People of One Fire

Thornton, Richard. People of One Fire. Web. Georgia. 2010-2013. Digital Rights Copyright 2010-2013 by AccessGenealogy.com.

Native American History of Butts County, Georgia

Butts County is located in central Georgia and is part of the Atlanta Metropolitan Statistical Area (SMSA.) It is named after Captain Samuel Butts, who was killed in action during the Creek Civil War (Redstick War.) Its county seat is Jackson. Captain Butts commanded a militia company in the First Brigade of the Georgia Militia, …

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Native American History of Bleckley County, Georgia

Bleckley County is located in central Georgia.  It is named after Edward Logan Bleckley (1827 – 1907) – a lawyer and Chief Justice of the Georgia Supreme Court.  Its county seat is Cochran.  Bleckley is the location of the nation’s oldest two year public college, Middle Georgia College. Bleckley County is bordered on the north …

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Native American History of Bartow County, Georgia

Bartow County located in northwest Georgia.  It is part of the Atlanta Standard Metropolitan Statistical Area (SMSA.)  Its county seat is Cartersville.   Bartow is named after Colonial Francis S. Bartow, a Confederate officer who was killed in the First Battle of Manassas.  Prior to the Civil War, it was named Cass County in honor of …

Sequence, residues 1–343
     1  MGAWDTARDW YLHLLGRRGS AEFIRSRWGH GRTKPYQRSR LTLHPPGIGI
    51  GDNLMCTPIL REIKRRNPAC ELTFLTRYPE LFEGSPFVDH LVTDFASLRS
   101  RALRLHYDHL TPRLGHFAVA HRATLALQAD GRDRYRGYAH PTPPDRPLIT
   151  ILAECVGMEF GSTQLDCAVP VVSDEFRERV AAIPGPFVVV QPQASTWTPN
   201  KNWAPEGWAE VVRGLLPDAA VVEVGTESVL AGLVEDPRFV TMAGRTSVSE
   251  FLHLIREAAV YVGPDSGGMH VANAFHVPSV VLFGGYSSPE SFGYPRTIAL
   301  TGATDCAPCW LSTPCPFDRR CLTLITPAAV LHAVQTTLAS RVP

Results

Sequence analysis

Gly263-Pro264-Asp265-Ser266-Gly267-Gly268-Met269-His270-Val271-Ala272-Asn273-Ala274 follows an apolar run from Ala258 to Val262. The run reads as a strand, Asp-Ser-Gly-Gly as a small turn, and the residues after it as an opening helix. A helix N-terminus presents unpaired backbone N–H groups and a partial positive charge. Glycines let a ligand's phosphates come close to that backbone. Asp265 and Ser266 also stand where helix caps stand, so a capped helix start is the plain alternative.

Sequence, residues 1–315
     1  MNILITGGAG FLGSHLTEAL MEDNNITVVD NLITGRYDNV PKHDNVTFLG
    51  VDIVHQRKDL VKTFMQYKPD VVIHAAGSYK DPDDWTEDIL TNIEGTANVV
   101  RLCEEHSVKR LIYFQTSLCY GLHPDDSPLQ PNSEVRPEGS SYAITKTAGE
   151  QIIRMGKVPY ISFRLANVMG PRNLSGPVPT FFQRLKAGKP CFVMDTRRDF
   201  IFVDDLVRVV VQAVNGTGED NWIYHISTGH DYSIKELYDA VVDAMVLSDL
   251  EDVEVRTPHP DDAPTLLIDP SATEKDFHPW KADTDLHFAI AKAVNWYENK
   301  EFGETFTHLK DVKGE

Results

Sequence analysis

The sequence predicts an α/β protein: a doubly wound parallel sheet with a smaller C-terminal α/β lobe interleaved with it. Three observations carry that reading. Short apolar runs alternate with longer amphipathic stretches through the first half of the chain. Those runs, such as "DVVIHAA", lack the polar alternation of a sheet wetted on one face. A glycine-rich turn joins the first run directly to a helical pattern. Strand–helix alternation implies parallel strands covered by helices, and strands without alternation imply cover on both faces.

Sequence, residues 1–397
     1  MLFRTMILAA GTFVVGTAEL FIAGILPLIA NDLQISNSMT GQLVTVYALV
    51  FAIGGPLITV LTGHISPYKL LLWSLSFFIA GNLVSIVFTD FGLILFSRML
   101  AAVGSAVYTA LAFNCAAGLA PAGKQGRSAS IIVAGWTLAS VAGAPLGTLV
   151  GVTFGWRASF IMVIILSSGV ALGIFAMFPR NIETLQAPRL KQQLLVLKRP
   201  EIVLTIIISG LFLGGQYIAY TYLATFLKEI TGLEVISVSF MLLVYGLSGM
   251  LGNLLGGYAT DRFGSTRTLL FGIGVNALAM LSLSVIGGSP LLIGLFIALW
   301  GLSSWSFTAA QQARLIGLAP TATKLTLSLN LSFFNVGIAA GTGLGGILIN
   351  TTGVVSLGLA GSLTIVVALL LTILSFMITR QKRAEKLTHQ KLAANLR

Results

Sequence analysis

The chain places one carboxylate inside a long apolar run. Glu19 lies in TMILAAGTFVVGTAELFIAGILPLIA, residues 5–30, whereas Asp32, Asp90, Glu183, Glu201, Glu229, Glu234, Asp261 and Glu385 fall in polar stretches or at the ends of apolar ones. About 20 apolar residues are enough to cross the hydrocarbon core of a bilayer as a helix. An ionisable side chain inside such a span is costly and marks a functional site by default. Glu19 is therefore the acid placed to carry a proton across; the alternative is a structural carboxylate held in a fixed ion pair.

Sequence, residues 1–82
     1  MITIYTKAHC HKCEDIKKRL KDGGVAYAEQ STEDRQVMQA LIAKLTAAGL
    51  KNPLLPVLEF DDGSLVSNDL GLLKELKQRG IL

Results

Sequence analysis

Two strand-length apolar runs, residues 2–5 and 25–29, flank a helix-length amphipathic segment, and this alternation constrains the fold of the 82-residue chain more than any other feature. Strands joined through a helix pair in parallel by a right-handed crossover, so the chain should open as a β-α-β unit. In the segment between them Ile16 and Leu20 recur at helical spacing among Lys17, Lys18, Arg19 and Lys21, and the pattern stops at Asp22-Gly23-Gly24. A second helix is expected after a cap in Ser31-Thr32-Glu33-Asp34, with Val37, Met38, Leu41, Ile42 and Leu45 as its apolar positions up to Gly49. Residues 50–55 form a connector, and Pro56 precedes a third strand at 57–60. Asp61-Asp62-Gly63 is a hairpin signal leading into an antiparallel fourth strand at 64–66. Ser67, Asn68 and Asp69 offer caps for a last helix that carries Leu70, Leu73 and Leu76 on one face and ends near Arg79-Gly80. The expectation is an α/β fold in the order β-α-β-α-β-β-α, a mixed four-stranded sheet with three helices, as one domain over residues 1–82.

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Native American History of Jackson County, Florida

Native American History of Jackson County, FL through 1800 AD Jackson County is located in northwestern Florida.  Its northern boundary is the Alabama line. Its eastern boundary is the Chattahoochee River and the southwestern tip of Georgia.  To the west is Holmes County, FL and the south, is Calhoun County, FL.  The Chipola River flows …

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Native American History of Houston County, Alabama

Houston County is located in the southeast corner of Alabama, immediately west of the Chattahoochee River and the State of Georgia. The southern boundary of the county is the Florida state line. It is named after a governor of Alabama, William Smith Houston. The county seat is Dothan. To the north is Henry County, AL.   …

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Native American History of Wakulla County, Florida

Wakulla County is located in northwestern Florida. It was named after the Creek-Seminole pronunciation of a Native American word, Guacara, The county seat and largest city in the county is Crawfordville.  Its northern boundary is Leon County, FL. Its northern boundary is Leon County, FL.  To the east is Jefferson County, FL; to the west …

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Native American History of Walton County, Florida

Walton County is located in northwestern Florida and stretches between the Alabama State Line and Gulf of Mexico.   The county seat and largest city in the county is DeFuniak Springs.  Its northwestern boundary is Covington County, AL. Its northeastern boundary is Geneva County, AL.  To the east is Holmes and Washington Counties, FL; to the …

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Native American History of Russell County, Alabama

In 1832 the Treaty of Cusseta transferred the lands of the Creek Confederacy to the United States.  This territory included what is now Russell County. Although most Alabamans today probably assume that the Creek Indians are an ancient, indigenous ethnic group, that once occupied all or most of their state, the Creek Tribe, in fact, …